The government of New Zealand has initiated a thorough inquiry into allegations of exploiting 115 Indian and Bangladeshi citizens who came to the country with the expectation of employment that never materialised.
These individuals were housed in accommodations that were inadequate for accommodating such a large number of people. New Zealand Immigration conveyed in an official statement that the living conditions in these accommodations were unsanitary, unhygienic, and unsuitable.
Last week, the Ministry of Business, Innovation and Employment (MBIE) officially commenced an extensive and meticulous investigation into the matter.
According to the immigration authority, “Our investigators have spoken with 115 Indian and Bangladeshi nationals who arrived in New Zealand on Accredited Employment Work Visas (AEWV) with the promise of employment when they arrived. Individuals have indicated they paid a substantial amount for the visa and a job, yet most are still waiting for any paid work.”
In spite of handing over substantial amounts of money, ranging from USD 15,000 (approximately INR 12,46,778) to USD 40,000 (approximately INR 33,24,742), to various agents for their visas and associated job opportunities, the majority of these labourers were left without any form of paid work, as reported by rnz.co.nz.
The Accredited Employer Work Visa (AEWV) falls under the category of temporary work visas. A number of individuals have been residing in New Zealand for an extended period, while others have more recently arrived.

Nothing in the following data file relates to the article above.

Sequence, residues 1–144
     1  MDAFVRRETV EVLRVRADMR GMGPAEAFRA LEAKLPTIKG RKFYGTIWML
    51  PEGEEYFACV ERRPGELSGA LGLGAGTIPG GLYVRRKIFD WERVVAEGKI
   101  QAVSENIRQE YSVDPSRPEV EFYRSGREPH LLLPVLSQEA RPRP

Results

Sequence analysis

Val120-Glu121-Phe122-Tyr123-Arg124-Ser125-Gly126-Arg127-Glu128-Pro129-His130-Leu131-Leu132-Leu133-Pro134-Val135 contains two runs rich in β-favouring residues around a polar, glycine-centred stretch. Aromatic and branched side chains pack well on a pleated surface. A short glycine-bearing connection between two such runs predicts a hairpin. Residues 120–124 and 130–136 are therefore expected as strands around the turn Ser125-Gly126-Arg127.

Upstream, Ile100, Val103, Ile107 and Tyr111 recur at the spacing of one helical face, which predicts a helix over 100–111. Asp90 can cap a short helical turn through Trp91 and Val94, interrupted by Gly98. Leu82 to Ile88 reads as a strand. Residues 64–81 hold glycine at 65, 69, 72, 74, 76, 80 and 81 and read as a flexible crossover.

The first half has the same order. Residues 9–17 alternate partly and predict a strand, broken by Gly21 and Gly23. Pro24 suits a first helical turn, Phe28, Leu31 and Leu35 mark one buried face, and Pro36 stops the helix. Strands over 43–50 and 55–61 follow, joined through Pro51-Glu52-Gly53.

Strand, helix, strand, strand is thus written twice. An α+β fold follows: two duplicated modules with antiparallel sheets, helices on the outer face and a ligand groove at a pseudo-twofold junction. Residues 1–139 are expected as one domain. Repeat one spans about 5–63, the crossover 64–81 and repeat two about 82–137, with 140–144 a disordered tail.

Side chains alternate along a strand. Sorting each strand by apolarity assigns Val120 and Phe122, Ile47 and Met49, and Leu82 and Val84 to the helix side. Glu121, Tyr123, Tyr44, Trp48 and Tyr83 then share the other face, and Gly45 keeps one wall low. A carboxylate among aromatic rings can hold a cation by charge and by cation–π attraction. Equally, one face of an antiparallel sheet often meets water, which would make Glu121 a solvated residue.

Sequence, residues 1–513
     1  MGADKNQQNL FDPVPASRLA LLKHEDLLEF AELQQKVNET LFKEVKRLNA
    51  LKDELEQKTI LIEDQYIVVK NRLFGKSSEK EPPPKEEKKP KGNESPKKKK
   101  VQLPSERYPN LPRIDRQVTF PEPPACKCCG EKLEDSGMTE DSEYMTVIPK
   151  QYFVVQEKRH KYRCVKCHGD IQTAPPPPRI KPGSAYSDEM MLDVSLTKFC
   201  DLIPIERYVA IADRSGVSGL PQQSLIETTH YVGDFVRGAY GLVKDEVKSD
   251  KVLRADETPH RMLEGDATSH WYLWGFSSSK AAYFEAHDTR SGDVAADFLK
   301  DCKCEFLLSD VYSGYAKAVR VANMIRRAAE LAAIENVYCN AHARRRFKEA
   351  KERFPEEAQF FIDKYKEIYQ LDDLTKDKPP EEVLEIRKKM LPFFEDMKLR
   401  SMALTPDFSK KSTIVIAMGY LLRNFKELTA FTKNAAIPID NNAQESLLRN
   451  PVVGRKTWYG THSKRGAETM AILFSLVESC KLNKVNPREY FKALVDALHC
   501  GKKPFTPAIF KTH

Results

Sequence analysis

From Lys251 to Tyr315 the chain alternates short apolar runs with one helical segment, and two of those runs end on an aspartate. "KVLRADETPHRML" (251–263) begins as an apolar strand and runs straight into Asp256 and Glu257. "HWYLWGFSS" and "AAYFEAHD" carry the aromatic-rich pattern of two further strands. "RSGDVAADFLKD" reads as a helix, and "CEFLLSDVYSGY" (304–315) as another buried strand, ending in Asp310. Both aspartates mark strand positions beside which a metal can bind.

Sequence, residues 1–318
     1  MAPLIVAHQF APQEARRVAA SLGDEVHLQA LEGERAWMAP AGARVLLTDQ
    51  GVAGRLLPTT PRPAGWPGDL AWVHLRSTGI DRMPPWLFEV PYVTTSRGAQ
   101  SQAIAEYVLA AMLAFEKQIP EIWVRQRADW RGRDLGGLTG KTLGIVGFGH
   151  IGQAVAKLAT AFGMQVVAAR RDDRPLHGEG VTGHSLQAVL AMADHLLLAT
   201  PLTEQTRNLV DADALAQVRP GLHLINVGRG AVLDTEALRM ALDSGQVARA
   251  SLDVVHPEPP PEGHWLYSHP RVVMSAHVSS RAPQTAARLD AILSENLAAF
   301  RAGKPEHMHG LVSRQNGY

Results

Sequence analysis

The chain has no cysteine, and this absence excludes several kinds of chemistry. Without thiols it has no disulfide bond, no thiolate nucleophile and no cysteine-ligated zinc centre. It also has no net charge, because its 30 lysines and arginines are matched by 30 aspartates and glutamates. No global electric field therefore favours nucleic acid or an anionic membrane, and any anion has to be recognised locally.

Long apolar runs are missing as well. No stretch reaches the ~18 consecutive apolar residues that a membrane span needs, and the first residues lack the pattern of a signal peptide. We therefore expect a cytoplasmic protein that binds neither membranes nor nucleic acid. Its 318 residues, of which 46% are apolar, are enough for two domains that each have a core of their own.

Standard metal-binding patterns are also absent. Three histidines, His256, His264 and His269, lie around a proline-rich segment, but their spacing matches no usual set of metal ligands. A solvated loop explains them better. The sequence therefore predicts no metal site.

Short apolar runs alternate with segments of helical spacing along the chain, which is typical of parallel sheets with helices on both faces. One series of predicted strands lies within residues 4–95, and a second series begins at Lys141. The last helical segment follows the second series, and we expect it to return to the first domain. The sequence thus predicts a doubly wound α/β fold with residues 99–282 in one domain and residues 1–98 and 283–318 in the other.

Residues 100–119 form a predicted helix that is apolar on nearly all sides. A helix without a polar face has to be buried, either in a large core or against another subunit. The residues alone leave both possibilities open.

The Indian High Commission has been actively involved in providing assistance to their fellow citizens, as stated by the immigration authority.
In a tweet shared last Friday, the Indian High Commission expressed, “As soon as we were informed regarding Indian workers in distress in Auckland, we reached out to support them. Food & Consular services are provided to the workers. We are in touch with all concerned. We are committed to the welfare of the Indian community in NZ.”
As reported by The New Zealand Herald newspaper, the Accredited Employer Work Visa program is currently undergoing 164 ongoing investigations due to grievances concerning worker exploitation and breaches.
Implemented in July of the previous year, the scheme has sanctioned approximately 81,000 visas, involving around 27,900 endorsed employers. Its primary objective was to prevent exploitation by confirming the viability of employers and ensuring equitable treatment of employees, with both pre and post-accreditation assessments.
Reacting to serious concerns raised by a whistleblower last Tuesday, Immigration Minister Andrew Little has initiated an urgent, independent review of the scheme’s operational procedures. The whistleblower had highlighted that potential accredited employers were not undergoing the requisite checks, according to the report.